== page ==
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Operational opacity at the clausal middlefield

Asia Pietraszko, University of Rochester

Wed, 3/20 · 4:30 pm6:00 pm · 1-S-5 Green Hall

Program in Linguistics

Early formulations of Phase Theory posit that each clause consists of two locality domains (phases): the complete clause (CP) and a clause internal domain located roughly around vP. Syntactic evidence for the phasehood of CP comes from two types of phenomena: footprints of successive cyclic movement and operational opacity. In contrast, evidence for a clause-internal phase has primarily come from successive cyclic movement (i.a. Legate 2003, Aldridge 2008, Bennett et al. 2012, van Urk 2015). Operational opacity is not observed at vP, a category notoriously transparent for syntactic relations. This contrast between CP and vP has led some researchers to conclude that only CP is a phase and that intermediate movement through the edge of vP must be explained differently. This talk presents the missing type of evidence, from operational opacity, for the clause-internal phase hypothesis. In particular, I argue that VoiceP in Zimbabwean Ndebele is opaque for A-movement and phi-agreement. A VoiceP-external probe can only access a VoiceP-internal goal if the goal moves to Spec,VoiceP, and not otherwise. The talk additionally motivates the assumption that successive cyclic movement, both A and A-bar, is feature-driven. This is based on the observation that all movement out of VoiceP in Ndebele is blocked when Voice is independently shown to lack a movement-triggering feature. I conclude with some thoughts on why operational opacity is much easier to detect at a CP boundary than at the clausal middlefield.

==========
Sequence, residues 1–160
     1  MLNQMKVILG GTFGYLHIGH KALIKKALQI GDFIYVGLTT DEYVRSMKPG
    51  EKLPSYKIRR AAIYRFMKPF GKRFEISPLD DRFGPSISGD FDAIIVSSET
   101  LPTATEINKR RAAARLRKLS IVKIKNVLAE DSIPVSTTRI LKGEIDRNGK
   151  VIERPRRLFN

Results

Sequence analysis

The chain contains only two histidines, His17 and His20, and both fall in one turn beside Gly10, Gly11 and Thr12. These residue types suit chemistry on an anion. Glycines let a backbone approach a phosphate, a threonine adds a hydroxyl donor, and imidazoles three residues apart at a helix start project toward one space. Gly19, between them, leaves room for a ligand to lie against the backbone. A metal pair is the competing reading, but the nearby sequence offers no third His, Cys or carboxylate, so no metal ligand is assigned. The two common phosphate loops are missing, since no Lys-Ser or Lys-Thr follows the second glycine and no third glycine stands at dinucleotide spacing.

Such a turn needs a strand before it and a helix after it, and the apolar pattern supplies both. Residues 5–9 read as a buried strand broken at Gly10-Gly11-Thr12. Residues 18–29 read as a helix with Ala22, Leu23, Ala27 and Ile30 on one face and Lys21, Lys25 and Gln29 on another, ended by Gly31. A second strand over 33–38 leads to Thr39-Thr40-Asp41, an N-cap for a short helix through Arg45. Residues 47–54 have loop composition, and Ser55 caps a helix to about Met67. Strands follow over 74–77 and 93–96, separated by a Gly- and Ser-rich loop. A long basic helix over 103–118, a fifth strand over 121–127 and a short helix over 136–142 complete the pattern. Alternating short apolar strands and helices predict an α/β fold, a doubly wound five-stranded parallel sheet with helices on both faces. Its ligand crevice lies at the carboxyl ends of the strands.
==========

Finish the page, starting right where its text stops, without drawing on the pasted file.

Asia Pietraszko is an Assistant Professor in the Department of Linguistics at the University of Rochester. She received her PhD from the University of Chicago Linguistics Department. She is the director of the Field Syntax Lab at the University of Rochester and works in syntax and morphology, with a focus on Bantu languages. She studies questions related to clausal architecture and the processes that underlie structure building, such as selection and movement. Topics she’s worked on include verbal periphrasis, head-movement and do-support, A-movement, clausal embedding and nominalization, and backward control.

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